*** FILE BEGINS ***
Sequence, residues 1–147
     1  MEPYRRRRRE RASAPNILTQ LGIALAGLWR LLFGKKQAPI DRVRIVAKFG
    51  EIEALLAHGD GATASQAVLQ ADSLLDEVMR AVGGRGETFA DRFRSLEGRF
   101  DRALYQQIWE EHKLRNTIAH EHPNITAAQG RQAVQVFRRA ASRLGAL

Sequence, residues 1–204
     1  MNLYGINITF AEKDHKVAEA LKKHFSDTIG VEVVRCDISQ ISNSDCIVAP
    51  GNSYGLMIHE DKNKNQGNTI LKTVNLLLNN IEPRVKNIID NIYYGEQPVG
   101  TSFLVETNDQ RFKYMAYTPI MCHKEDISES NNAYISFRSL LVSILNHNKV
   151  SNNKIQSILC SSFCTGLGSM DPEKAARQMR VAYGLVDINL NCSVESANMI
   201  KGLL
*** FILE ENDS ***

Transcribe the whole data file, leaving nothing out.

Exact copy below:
Sequence, residues 1–147
     1  MEPYRRRRRE RASAPNILTQ LGIALAGLWR LLFGKKQAPI DRVRIVAKFG
    51  EIEALLAHGD GATASQAVLQ ADSLLDEVMR AVGGRGETFA DRFRSLEGRF
   101  DRALYQQIWE EHKLRNTIAH EHPNITAAQG RQAVQVFRRA ASRLGAL

Sequence, residues 1–204
     1  MNLYGINITF AEKDHKVAEA LKKHFSDTIG VEVVRCDISQ ISNSDCIVAP
    51  GNSYGLMIHE DKNKNQGNTI LKTVNLLLNN IEPRVKNIID NIYYGEQPVG
   101  TSFLVETNDQ RFKYMAYTPI MCHKEDISES NNAYISFRSL LVSILNHNKV
   151  SNNKIQSILC SSFCTGLGSM DPEKAARQMR VAYGLVDINL NCSVESANMI
   201  KGLL